Written by MARIE HAVENGA • MAR 4, 2019 AT 10:00 AM
If you’re preparing your income taxes and your refund isn’t as big as you had bargained for, there’s no reason to panic.
Due to changes in the tax code, you’ve likely been receiving more money in each paycheck.
But many people have forgotten that fact, according to local tax preparers.
“Ultimately, I’ve been seeing that people have been paying less tax,” said Grand Haven-based accountant Abby Selby said. “They’ve gotten it throughout the year in their paychecks. It’s just a matter of us explaining it to them.”
Because the amounts are spread out over the course of a year, many people have not noticed the slightly larger paychecks “because it wasn’t significant enough,” Selby said. So, some people were upset when they discovered they would be receiving a smaller refund than in past years.
“People are definitely seeing a decrease in refunds,” Selby said. “Once I explain it to them and can show them their two-year comparison, then they understand and they’re fine. But, at first, they get a little upset.”
Although refunds are smaller, it’s not by much, Selby said.
“I don’t think it’s that significant from what I’ve seen,” she said. “Not to where somebody would have gone out and spent thousands of dollars, expecting a bigger refund. It’s not that big of a difference.”
Selby said some people like to use their withholding as a forced savings account. However, this means the government has free use of your money.
“Based on your goal, you can plan ahead and adjust your withholding,” Selby said.
George M. Gardner Jr., an accountant with Grand Haven’s DeBoer, Baumann & Co. PLC said though he’s been working on mostly business returns so far this tax season, he’s heard that some people are surprised by their smaller-than-expected refunds.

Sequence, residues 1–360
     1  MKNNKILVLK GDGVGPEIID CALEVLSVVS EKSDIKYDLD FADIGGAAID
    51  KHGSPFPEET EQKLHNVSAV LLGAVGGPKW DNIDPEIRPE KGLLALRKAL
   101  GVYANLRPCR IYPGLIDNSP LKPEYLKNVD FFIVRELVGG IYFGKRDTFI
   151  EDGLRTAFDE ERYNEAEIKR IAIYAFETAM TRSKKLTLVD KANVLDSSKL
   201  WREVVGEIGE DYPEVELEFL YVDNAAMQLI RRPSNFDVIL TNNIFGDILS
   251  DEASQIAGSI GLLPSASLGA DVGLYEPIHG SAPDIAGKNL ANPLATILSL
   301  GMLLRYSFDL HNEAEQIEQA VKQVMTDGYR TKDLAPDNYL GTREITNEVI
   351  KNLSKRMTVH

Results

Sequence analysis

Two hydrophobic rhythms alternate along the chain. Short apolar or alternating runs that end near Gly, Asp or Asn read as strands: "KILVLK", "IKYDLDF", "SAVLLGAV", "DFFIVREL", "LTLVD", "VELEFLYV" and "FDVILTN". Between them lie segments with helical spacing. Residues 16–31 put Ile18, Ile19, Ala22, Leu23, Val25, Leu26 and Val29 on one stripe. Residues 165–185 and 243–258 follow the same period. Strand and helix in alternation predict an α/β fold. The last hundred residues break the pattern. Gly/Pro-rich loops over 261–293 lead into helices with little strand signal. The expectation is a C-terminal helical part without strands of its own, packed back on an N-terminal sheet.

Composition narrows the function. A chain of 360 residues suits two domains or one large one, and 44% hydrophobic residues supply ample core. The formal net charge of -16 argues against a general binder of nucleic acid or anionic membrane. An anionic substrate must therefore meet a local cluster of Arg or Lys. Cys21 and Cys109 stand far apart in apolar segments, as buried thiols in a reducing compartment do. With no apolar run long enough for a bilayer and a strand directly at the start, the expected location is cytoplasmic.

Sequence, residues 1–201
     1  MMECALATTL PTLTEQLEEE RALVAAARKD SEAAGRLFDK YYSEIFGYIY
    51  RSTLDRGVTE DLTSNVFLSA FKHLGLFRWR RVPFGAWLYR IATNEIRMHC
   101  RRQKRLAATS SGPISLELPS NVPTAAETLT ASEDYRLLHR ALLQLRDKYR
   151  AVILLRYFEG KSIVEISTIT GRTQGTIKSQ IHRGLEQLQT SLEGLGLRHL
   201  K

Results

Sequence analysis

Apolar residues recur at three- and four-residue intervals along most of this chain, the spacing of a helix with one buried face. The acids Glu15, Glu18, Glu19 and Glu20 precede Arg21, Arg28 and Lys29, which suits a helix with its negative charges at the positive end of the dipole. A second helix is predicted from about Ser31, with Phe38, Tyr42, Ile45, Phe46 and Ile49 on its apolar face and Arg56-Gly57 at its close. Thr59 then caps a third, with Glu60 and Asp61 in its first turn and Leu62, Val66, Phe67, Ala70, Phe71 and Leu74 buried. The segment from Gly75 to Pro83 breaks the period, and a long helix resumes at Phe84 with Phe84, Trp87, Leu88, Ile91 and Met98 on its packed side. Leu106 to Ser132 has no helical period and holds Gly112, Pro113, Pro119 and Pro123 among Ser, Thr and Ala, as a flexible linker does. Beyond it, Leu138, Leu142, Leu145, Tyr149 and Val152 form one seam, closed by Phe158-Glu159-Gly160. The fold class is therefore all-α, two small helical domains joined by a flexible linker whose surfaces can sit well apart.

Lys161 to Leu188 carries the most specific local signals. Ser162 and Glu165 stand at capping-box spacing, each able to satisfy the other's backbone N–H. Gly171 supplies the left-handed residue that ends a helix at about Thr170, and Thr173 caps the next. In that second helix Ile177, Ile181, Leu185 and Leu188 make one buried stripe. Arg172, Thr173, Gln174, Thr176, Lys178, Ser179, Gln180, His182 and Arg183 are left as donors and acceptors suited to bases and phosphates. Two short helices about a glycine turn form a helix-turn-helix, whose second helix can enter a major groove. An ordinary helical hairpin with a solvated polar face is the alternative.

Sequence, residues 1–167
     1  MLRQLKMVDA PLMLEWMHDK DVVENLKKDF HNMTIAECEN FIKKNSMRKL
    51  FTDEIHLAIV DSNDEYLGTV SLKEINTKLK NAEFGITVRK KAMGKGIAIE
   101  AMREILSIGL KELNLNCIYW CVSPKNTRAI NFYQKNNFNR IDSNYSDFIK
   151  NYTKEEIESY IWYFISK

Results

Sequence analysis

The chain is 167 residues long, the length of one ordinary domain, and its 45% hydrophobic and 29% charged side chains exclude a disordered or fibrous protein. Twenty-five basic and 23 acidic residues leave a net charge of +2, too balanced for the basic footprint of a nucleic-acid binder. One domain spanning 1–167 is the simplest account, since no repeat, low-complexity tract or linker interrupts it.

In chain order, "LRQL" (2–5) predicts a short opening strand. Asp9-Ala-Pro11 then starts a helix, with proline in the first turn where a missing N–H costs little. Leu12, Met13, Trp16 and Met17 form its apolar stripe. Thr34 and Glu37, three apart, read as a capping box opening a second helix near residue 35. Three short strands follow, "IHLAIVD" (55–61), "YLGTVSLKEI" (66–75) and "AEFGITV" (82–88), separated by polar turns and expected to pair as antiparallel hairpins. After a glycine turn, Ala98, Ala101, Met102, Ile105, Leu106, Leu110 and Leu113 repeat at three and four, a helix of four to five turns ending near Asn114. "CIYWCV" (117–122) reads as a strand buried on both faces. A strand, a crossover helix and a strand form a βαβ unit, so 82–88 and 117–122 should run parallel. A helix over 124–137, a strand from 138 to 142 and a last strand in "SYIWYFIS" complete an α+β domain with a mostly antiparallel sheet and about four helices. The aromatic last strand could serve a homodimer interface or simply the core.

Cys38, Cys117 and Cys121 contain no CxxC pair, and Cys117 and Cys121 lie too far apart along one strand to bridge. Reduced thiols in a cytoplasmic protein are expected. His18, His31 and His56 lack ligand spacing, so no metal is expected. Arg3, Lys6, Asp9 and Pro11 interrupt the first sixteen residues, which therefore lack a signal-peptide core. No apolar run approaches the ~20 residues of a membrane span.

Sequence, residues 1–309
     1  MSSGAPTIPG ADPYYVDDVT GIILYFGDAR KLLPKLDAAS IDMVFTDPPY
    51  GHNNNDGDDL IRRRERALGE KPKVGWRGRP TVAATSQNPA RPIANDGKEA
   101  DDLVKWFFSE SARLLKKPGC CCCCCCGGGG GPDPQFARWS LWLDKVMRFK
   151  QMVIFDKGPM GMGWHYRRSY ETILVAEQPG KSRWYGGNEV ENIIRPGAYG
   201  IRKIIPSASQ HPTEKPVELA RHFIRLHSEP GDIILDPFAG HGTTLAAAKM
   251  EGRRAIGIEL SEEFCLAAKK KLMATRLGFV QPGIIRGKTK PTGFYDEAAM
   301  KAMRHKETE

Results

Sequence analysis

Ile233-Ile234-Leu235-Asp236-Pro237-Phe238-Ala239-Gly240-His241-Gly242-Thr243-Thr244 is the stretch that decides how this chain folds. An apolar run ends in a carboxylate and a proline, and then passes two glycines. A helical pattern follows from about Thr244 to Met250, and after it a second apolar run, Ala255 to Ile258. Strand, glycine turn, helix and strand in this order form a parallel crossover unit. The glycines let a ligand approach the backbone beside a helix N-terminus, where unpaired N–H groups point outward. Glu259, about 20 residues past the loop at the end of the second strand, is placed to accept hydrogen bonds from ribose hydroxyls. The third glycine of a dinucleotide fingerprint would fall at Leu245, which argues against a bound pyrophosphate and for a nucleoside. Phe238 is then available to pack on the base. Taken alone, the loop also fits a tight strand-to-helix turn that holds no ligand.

“The problem is that the IRS revised the tax tables back when the Tax Reform Act was passed in December 2017,” he explained. “What it appears happened is they revised them so maybe too much is being put in the employee’s paycheck each week. You get to the end of the year and they don’t get the big refund they always anticipated.”
But even with a smaller refund, the bottom line is better for almost everyone, according to Gardner. According to the research he’s done, Gardner said most people got some kind of a tax cut — and some more than others, depending on the situation.
“I didn’t come across anyone who is paying more, all things being equal,” he said. “If everything else is equal, the tax cut was there. I think it’s the withholding tables that are causing these people the concern.”
For example, if an employee received an extra $20 a week in his or her paycheck, that comes to about $1,000 a year.
“They’re used to that $1,000 (in their refund),” Gardner said. “They look at their refund and it’s a lot less than last year. It’s because they got it in little bitty pieces during the whole year.”
Gardner said it’s wise to adjust your W-4 Employee Withholding Allowance Certificate so that you end up near the break-even point of not owing a lot in taxes and not getting a big refund.
“That’s really where you should be,” he said. “Otherwise, you’re giving the IRS an interest-free loan. Why do that? Some people think it’s kind of forced savings. Take the amount and put it into a 401(k) plan or an IRA. People have to think about retirement and saving for that. If you get $2,000-a-year tax refunds, put it into an IRA at $40 a week and reduce your withholding. Now, it’s your money.”